1429 posts • joined 28 Nov 2007
Nothing to do with "free speech"
If you don't agree with someone's opinion or something they are campaigning for/against then there is nothing to stop you arguing your point of view.
What is not acceptable is abusing and making threats to harm/rape/kill someone because you disagree with them.
In fact, by thinking that it is acceptable to make, for example, threasts to kill against people you disagree with, you are actually showing yourself to be againt the free speech of others.
Re: A fool and his money.....
"A completely different bike that meets a fairly different consumers needs perhaps?
Care to elucidate what those different needs might be? What use/role can the Vanhoof fill that mine cannot? Mine is cheaper, just as fast and has the same range, but is far more flexible (it folds, has a removable battery, has 7 speeds and has a throttle only mode)?
Re: Err....a fly in the lycra?
This is incorrect. eBikes in the UK are restricted to 250W (300W for a tandem) and a top motorised speed of 15.5mph (this is the speed the motor stops assisting, you can go faster under your own effort if you wish). eBikes are permitted a throttle (so you don't have to pedal). Bikes in other euro countries can only use pedalec mode.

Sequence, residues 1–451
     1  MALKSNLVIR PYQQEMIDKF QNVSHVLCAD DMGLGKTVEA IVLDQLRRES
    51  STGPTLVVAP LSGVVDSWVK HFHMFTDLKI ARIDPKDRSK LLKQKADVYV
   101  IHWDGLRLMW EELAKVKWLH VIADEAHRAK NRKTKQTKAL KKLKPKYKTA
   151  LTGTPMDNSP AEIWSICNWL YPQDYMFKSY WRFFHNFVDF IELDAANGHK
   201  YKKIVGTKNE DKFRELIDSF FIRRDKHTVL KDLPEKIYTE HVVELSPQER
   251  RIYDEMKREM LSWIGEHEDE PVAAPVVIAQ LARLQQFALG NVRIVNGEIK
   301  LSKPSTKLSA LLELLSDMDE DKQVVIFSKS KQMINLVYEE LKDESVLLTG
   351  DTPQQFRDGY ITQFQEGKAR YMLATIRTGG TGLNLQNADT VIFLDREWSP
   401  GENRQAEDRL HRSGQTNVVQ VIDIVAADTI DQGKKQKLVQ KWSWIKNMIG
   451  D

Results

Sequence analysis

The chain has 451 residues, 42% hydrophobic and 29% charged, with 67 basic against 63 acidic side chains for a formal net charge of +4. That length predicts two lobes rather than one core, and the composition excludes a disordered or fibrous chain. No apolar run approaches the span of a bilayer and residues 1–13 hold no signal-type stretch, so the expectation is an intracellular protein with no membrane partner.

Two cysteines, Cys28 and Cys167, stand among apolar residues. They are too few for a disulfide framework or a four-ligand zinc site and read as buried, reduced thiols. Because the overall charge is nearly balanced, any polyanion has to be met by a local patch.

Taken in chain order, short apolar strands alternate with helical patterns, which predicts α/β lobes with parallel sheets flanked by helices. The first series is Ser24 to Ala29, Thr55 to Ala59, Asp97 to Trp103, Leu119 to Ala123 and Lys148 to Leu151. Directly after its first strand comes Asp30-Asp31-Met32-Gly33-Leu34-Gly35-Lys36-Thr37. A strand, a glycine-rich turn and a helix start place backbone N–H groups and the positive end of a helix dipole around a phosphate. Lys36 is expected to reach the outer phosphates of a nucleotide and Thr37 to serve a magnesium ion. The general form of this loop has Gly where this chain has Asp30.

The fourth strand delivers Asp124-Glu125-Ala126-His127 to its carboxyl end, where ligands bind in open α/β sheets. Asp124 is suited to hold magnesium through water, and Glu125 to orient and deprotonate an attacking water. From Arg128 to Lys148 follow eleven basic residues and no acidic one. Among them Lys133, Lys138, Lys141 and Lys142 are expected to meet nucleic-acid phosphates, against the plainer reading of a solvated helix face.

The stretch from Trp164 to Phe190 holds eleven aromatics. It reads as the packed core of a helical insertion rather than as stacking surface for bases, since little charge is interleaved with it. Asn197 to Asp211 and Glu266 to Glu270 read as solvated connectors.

A fool and his money.....
I have an eBike. Cost £700. It has the same 250W motor and speed limitations as the Vanmoof, so its performance is identical.
It also has a rear mounted motor (much better traction), 7 speeds, a throttle lever (so you can motor without peddling if you wish) as well as "pedelec" mode.
Its also a folder, so I can sling it in the back of the car, or in the corner of the office while it charges.
I do about 20 miles a day on it, a total of over 1200 miles since I got it in May this year. I do tend to use it in "pedelec" mode, with me putting in about 1/3 to 1/2 of the effort. The big advantage over a regular bike is that I can vary the amount of effort I put in without greatly affecting the speed and time it takes to get to work (motor only, about 40 mins, pedelec, around 35 mins). If it's a hot day, I let the motor take most of the strain so I don't end up getting to work spraying sweat like a lawn sprinkler.